I found myself not sleeping at night when I should have been sleeping and then falling asleep at strange times during the day, and doing less and less and feeling more and more overwhelmed
and finally, everything became impossibly difficult.
I am Andrew Solomon. I am the author of 'The Noonday Demon: An Atlas of Depression'
If your life is really going very well, and you suddenly start feeling miserable all the time, you are much more likely to realize that you have some kind of a mental illness.
I think one of the important things is to have understood if you have been through previous episodes, what the depression is
and a sense both of how to avail yourself of the support from the people whose support you need, friends, parents, people around you.
If you know that you have people around you who love and care about you,
and if you know that there are people who can understand what you are going through at least to some degree, it gives you a reason to get better.
George is my adopted child and Andrew's biological child and Andrew is himself a biological child and I am myself an adopted child.
So having George has been really fascinating for me because it has allowed me to feel what my own parents felt.
One of my thoughts when I decided to have children was to worry about whether I would pass on the vulnerability to depression to them, and I know that it's possible that I have.
It's my hope that I have also passed on many other compensatory qualities that are well worth it.
But also I think because I know a lot about depression, I think if my children were ever to begin to develop those symptoms, I would be able to recognize them and address them,
and hopefully get them to the point at which they were able to recover more efficiently than I did.
Part of the symptom of the illness is you somehow lose track of the people who love you the most.
You just forget that they are there because the enormity of the void that you are facing doesn't allow you to perceive those blessings in your life.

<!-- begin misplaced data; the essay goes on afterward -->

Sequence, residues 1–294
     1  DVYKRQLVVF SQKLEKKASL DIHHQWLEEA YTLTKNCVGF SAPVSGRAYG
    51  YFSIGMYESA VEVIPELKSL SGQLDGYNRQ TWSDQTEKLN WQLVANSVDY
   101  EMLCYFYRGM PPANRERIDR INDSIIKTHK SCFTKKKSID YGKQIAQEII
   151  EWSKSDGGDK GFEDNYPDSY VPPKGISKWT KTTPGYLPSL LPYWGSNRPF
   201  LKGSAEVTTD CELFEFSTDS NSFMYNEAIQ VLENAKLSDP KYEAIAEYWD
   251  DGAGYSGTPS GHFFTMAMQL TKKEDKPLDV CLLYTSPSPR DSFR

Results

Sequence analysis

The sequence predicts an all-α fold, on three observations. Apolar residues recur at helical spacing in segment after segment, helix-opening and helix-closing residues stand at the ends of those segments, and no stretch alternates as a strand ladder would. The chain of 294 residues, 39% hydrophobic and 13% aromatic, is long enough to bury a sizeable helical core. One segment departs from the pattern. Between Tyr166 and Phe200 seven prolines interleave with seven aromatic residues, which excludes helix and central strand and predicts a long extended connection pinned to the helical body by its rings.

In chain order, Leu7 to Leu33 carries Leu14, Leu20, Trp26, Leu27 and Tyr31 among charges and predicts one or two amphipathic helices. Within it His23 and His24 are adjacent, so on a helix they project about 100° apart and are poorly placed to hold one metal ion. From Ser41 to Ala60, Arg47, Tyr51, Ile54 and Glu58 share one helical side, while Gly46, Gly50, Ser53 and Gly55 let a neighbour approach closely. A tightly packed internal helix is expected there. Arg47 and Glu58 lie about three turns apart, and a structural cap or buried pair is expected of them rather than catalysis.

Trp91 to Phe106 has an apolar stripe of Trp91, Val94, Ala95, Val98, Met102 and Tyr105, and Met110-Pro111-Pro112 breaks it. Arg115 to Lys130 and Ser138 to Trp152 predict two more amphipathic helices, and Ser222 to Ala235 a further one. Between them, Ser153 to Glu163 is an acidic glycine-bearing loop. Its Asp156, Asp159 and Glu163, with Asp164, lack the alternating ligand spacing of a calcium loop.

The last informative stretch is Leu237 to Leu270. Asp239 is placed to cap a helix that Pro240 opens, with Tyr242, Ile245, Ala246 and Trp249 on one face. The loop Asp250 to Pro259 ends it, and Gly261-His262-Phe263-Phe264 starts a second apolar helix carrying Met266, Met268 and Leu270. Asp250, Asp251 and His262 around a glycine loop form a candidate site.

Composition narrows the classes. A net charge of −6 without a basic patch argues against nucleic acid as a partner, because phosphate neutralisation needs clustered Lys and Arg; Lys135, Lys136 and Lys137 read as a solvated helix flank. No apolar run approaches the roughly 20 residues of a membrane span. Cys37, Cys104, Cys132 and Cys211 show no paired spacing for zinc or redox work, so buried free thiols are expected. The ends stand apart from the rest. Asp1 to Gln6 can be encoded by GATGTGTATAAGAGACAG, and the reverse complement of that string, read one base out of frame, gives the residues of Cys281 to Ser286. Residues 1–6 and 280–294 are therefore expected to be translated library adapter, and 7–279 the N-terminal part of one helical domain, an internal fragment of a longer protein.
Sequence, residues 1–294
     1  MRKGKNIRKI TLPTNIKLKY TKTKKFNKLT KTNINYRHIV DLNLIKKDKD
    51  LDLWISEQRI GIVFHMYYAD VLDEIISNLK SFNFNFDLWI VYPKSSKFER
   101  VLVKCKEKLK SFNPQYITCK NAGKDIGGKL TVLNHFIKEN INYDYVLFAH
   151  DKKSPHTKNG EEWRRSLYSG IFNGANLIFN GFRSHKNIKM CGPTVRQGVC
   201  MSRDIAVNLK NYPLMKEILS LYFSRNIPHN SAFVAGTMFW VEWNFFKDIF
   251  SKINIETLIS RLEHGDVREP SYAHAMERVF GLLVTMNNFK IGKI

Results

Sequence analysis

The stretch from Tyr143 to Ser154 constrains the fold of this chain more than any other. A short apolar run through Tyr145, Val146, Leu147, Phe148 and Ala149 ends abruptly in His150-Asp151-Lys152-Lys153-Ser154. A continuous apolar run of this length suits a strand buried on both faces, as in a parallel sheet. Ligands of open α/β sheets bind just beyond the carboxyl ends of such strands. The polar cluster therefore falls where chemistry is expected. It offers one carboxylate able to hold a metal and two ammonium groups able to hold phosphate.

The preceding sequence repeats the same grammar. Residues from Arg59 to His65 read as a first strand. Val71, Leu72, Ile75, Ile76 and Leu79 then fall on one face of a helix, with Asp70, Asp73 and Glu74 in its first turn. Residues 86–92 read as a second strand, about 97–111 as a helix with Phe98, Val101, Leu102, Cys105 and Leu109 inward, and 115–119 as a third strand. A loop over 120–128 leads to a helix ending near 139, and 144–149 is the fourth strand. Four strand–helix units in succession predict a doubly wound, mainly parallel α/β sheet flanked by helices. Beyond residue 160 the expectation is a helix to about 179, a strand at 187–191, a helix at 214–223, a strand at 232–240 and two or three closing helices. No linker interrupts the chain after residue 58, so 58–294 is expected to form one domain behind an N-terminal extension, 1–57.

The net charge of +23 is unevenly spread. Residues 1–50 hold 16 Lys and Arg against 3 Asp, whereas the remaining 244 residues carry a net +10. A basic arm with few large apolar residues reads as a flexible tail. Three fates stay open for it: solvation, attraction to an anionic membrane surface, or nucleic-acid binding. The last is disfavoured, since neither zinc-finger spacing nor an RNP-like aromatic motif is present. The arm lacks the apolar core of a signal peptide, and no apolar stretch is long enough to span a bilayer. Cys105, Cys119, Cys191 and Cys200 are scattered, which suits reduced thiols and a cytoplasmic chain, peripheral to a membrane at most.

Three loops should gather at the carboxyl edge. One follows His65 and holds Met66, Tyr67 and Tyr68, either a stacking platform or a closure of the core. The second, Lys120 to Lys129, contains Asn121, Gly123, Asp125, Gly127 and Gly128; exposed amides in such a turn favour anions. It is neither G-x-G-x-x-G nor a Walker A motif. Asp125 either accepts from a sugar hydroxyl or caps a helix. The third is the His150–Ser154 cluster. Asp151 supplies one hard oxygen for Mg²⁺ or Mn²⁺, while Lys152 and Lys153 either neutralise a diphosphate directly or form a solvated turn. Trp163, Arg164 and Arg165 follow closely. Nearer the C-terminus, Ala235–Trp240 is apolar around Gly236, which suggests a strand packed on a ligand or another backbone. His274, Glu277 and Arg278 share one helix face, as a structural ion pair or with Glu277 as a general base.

You have to keep trying to support even when the depressed person even when the depressed person seems to be trying to undermine your support.
I think the most important thing is to assess who the people are around you who will actually be able to understand what you are going through
and offer you the love and support that will make it tolerable and ensure that those people know what you are going through. And don't let yourself get isolated.
Depression is a disease of loneliness and people who isolate themselves in depression are much more likely to end up committing suicide,
and are much more likely to have the depression spin out of control.
You have to have the conviction that you are doing the right thing as best you know how. And if you are not sure, do some reading or talk to a mental health professional yourself
and try to get some more information, but try not to let your own self-esteem rest on the reactions of the person you love who is dealing with depression.
Because if you let yourself feel spurned when your best efforts of help are rejected. Then you will go away which is really the last thing that the depressed person needs.
Sometimes you just have to sit outside the room because even your presence is overwhelming, but you have to be right outside the room, you can't go away.
What you need is for the person to feel that you're present.